San Pedro River

    Dragoon Mts.

    Mule Mts.

    Huachuca Mts.USA


    San Pedro Riparian NationalConservation Area...................

    0 10 20 30 miles

    0 10 20 30 40 50 km

    Huachuca City

    Sierra Vista






    Jose MariaMorelos




    Location Map


    Upper San PedroRiver Basin




    Figure 10.1. Map showing the location of the San Pedro riparian area.

    The Nature Conservancy has recognized the high ecological value of the SanPedro through its designation as one of the Last Great Places. Approximately 58,000ha (Steinitz et al. 2003) are protected along a 50-km reach of the river within the SanPedro Riparian Conservation Area (SPRNCA), administered by the US Departmentof the Interior Bureau of Land Management (BLM).

    The high biodiversity of the San Pedro River riparian habitats provide a varietyof important ecosystem services. For example, the SPRNCA is nationally and inter-nationally recognized for its birdwatching opportunities, one of the fastest growingrecreational activities in the United States. Within the United States, Arizona is a


    Figure 10.2. A typical view of the San Pedro Riparian National Conservation Area showingthe north-south running ribbon of lush hydric vegetation embedded in a more desert-like


    major birding destination with most birdwatching occurring in the southeastern por-tion of the state, including the SRNCA. By 1997, the annual number of visitors tothe SPRNCA had grown to an estimated 100,000 visitors, a high proportion of thembeing birders and nature viewers.

    Previous studies suggest that the San Pedro riparian ecosystem is already beingimpacted adversely by human use of the underlying groundwater aquifers. Ground-water withdrawals for human consumption jeopardize the riparian habitat by low-ering regional and potentially local floodplain water tables. The amount of waterpumped from the aquifer supporting the San Pedro riparian ecosystem has increasedby an order of magnitude in the last 5060 years. From small amounts of pump-ing (200,000 m3/day over the period 19761985, a level of intensity thatcontinued at least into 1997 (Goode and Maddock 2000), and probably continuestoday.

    In this chapter we report the results of modeling studies performed on the ripar-ian ecosystem along the upper San Pedro River in southern Arizona and project howriparian ecosystem structure and function might be affected by changes in climate.Specifically, we model the potential effects of several plausible climate change sce-narios on the structure and composition of the riparian vegetation community, and weproject how such change may affect the systems ability to continue supporting a highdiversity bird community.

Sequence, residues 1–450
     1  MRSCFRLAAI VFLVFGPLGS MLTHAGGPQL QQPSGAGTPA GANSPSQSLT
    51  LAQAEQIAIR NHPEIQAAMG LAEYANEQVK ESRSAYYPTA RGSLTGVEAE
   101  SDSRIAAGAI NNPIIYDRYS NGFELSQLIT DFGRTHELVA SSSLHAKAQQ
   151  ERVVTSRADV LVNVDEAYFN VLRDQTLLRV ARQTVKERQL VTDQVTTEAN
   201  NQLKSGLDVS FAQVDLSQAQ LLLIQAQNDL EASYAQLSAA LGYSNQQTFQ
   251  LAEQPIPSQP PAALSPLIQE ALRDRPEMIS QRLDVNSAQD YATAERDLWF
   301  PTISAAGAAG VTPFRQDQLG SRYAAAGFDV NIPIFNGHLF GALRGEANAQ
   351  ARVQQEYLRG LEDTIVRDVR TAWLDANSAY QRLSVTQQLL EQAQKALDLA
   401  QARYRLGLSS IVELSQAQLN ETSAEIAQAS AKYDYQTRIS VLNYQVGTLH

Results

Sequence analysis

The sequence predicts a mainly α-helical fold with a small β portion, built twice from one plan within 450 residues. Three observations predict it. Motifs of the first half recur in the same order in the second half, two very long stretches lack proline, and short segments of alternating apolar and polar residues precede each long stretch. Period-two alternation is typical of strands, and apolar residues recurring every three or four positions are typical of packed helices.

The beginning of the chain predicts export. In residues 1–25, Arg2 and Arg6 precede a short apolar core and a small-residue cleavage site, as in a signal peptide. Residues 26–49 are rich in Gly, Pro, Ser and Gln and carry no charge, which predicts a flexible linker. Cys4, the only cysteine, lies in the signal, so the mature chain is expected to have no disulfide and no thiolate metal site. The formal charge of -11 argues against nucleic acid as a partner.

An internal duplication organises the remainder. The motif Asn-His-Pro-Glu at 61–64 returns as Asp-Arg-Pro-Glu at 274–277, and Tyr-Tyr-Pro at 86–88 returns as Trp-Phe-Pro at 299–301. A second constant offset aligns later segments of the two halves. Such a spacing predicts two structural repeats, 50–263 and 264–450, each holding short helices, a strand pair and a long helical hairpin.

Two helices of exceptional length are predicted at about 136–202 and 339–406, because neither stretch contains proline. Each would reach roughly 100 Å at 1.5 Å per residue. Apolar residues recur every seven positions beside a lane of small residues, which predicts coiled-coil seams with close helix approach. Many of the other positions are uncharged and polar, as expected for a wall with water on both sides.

We used two modeling approaches in this study. The first exercise was to modelclimate change scenarios. The second involved linking these scenarios to hydrologic,geomorphic, and vegetation responses.

    Climate Change Scenarios

    We used a 52-year daily time series of historic weather data (19512002) from theNational Weather Service station at Tombstone (station ID 028619, 31.7 latitude,110.05 longitude) to create four climate scenarios for the period 20032102. Thedaily 52-year record was cycled through twice to generate the 100-year scenario, withsimulation years 2003 and 2054 initialized with the adjusted 1951 daily data. Historictemperature trends from 1951 to 2003 were not removed from the time series. Useof daily historic data preserved the important seasonal and year-to-year patterns ofclimatic variation (e.g., influences of ENSO and PDO) that characterize the climateof the Southwest. All of the climate scenarios were transient, beginning with thesame conditions in 2003 and progressively diverging over the 100-year simulationperiod. We chose to use transient, rather than fixed, climate change scenarios to morerealistically represent gradual, cumulative changes in climate over the next century.

    The scenarios were chosen to represent a reasonable set of potential climatetrajectories, given the range of projections for the region derived from climate modelsfor the southwestern United States regional assessment (SRAG 2000). The scenariosare as follows:

    1. No Climate Change: (19512002 daily temperature and precipitationrepeated)

    2. Warm: progressive temperature warming over 100 years, with a 4C increasein maximum daily temperature and a 6C increase in minimum daily temper-ature by 2102

    3. Warm Dry: progressive temperature warming as in #2 and a progressivedecline in winter (nonmonsoonal: October 1 to May 31) daily precipitation of50% by 2102

    4. Warm Wet: progressive temperature warming as above, with a progressiveincrease in winter daily precipitation of 50% by 2102.